• How the LGTBQ+ community used music and visual art to address the AIDS crisis
    • The current state of the AIDS/HIV epidemic
  2. Mastery Objective:
    • Students will be able to consider the medical, social, scientific, political, and cultural significance of the AIDS epidemic in the 1980s and 1990s by examining statistics, timelines, and primary source documents, in addition to the music and art of the period.

Activities

Motivational Activity:

  1. Ask students:
    • What do you know about HIV and AIDS? What is it, and what are its effects?
    • Where did you learn about AIDS?
  2. Play students the video from AVERT.org, “What is HIV?” (Note: this link will open to YouTube, we suggest loading the video before class to avoid showing advertising during class.) Ask students:
    • What is HIV? What does it stand for?
    • How does HIV operate? How does it affect the body?
    • Is there a cure for HIV? Can it be treated?
  3. Display Image 1, Ways of Transmitting HIV. Ask students:
    • Based on the image above, how is HIV spread? Can it be spread through the air, water, or food?
    • What preventative measures can be taken to avoid getting HIV?

Procedure:

  1. Tell students that they will be examining the early history of the HIV/AIDS, before it could be diagnosed and treated, and how musicians and artists responded to the epidemic. Split students into at least five groups. Tell students that each group will be given a document set that presents the AIDS crisis from a particular perspective. Student groups are to examine the document set and answer the questions at the beginning of the packet. Encourage them to be prepared to share their answers with the rest of the class. Provide each group with one of the following handouts:
  2. Ask each student group to share their answers with the class.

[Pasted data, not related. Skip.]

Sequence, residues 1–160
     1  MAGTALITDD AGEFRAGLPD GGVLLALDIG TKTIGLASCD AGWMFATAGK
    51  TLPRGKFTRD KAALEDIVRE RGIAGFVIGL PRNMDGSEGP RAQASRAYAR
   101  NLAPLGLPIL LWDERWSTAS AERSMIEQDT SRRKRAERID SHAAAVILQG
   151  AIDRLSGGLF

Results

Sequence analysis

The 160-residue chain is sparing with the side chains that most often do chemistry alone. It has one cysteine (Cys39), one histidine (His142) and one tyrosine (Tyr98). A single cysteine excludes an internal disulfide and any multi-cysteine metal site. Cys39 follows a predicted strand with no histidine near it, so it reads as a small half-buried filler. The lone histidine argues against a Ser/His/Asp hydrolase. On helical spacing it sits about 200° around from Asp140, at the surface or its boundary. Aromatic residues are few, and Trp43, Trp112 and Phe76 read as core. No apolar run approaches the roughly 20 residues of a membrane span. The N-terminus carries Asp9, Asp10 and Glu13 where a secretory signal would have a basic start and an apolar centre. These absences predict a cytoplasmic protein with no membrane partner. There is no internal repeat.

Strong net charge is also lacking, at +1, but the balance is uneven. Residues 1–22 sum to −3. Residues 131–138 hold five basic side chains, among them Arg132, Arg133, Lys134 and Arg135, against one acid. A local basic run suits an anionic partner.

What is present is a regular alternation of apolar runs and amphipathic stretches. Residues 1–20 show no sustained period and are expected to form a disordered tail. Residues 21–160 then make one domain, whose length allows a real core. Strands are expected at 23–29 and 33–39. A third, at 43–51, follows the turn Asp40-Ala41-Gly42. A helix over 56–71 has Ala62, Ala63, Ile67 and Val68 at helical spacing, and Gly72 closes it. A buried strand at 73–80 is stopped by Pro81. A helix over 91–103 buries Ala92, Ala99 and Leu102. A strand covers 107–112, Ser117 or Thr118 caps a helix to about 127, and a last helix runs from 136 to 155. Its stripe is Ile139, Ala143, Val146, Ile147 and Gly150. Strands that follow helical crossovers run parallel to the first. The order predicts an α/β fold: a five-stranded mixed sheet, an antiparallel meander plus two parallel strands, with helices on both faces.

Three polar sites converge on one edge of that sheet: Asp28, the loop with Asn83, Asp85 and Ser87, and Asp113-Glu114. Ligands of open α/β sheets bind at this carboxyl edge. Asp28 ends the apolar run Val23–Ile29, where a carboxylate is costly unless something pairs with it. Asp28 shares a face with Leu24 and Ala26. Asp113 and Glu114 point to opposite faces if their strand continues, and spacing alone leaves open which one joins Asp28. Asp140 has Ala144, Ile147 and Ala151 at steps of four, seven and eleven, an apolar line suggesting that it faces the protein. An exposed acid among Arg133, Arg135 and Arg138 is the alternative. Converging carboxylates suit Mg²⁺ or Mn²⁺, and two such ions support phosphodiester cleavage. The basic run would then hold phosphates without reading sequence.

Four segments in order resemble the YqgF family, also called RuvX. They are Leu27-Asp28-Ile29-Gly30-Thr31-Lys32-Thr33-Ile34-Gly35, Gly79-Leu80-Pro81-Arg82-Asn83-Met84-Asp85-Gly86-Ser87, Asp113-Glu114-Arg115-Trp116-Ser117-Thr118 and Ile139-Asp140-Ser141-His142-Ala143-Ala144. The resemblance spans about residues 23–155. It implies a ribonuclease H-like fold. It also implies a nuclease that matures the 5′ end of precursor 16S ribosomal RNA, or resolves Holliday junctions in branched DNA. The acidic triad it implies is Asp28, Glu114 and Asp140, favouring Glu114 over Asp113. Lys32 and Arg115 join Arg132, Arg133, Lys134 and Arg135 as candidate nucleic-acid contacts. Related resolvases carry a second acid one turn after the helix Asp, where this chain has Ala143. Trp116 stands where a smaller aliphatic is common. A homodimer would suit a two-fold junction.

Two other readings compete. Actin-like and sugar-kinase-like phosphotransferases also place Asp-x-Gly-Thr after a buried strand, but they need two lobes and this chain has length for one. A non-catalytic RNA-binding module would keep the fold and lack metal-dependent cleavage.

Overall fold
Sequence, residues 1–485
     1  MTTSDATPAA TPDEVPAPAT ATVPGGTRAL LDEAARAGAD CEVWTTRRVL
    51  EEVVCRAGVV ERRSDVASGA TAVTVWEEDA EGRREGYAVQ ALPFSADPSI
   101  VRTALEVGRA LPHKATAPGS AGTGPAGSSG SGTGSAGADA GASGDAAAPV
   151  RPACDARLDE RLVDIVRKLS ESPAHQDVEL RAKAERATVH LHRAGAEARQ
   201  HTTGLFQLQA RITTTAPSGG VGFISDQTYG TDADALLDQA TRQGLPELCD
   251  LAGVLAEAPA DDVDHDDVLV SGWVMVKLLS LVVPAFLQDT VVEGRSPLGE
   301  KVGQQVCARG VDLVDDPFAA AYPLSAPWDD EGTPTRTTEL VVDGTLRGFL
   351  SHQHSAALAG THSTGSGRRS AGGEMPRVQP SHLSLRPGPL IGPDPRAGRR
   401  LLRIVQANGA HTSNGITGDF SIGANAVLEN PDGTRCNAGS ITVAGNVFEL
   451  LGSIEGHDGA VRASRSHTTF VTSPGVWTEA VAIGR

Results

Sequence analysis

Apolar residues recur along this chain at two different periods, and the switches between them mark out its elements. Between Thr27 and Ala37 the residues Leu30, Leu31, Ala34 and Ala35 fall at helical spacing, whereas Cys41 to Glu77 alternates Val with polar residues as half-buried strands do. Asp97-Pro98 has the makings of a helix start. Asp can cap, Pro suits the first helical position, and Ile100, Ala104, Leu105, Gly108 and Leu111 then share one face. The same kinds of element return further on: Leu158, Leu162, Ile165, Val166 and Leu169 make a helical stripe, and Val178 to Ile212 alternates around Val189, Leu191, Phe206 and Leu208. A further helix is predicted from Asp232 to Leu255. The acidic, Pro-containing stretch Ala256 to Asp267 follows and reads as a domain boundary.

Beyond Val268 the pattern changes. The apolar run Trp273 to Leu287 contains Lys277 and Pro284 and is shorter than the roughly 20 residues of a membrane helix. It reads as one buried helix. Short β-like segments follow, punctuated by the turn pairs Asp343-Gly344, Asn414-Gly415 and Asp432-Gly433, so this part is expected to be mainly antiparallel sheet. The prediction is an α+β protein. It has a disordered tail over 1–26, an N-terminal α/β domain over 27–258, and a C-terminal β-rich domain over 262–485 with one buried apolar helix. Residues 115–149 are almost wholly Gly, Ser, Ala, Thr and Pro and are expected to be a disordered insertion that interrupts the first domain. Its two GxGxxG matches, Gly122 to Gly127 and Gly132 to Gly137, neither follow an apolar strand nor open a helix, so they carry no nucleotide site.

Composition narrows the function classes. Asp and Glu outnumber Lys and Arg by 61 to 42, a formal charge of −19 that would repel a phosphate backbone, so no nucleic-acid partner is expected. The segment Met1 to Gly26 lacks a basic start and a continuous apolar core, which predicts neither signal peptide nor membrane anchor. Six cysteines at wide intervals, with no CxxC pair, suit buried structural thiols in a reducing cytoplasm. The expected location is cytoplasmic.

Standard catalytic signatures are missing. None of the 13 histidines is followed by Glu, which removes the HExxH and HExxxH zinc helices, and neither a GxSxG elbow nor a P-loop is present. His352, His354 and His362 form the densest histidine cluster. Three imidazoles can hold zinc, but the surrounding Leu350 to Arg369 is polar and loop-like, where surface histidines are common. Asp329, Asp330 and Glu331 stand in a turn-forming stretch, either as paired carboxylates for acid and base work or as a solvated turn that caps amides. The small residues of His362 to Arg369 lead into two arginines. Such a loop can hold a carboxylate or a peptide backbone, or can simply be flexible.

3. Tell students they will now look at what role music and art played for communities experiencing the AIDS epidemic. Show Clip 1, “Music During the AIDS Crisis.” Ask students:
    • How did the people in the beginning of the clip describe their experience with the AIDS epidemic?
    • Did the people in the clip feel that American society and the United States government was concerned about the AIDS epidemic? Why or why not?
    • According to the clip, what various roles did music and dancing play for the LGBTQ+ community during the AIDS epidemic?
    • What was the significance of the Gloria Gaynor’s “I Will Survive?”
    • What might Urvashi Vaid mean when she says “culture is a strategy of resistance and survival?”
  4. Place the Gallery Walk images around the classroom. (Note: the included bios of each of the artists should be placed adjacent to the images of their work.) Allow students time to walk throughout the classroom to examine the work. Then ask students:
    • Which piece or artists particularly stood out to you? Why?
    • What are some of the feelings conveyed in these works? Did you find any of the works particularly powerful in this regard?
    • In what ways did these artists respond to the AIDS epidemic through their work?

Summary Activity:

  1. Pass out Handout 1 – Introducing Kia LaBeija to students.
  2. After examining the handout, ask students:
    • How is living with HIV represented in LaBeija’s photography? How might her work educate people about HIV and AIDS?
    • LaBeija was born several decades after the artists featured in the Gallery Walk, at a time when AIDS-related protests were first gaining national attention. How might her experiences differ from these earlier artists? Do you see any differences between her work and the work seen in the gallery walk?
    • In an interview, LaBeija stated that the story of AIDS was a “white, gay man’s story” and that when invited to panels, she’s often the “only person of color, the only woman and, of course, the only person on the panel born with HIV.” How might LaBeija’s work contribute to the narrative of how HIV and AIDS have been and are depicted?

Extension Activities:

  1. Explore the website, POZ.com, which is a publication for those living with and affected by HIV/AIDS. Write a summary explaining a few of the issues involved in the ongoing AIDS crisis of today?
  2. Examine the website of one of the following historic organizations that addressed the AIDS crisis in the 1980s and 1990s. Summarize what sorts of issues and projects they are working on today.

 

Standards

Common Core State Standards

College and Career Readiness Anchor Standards for Reading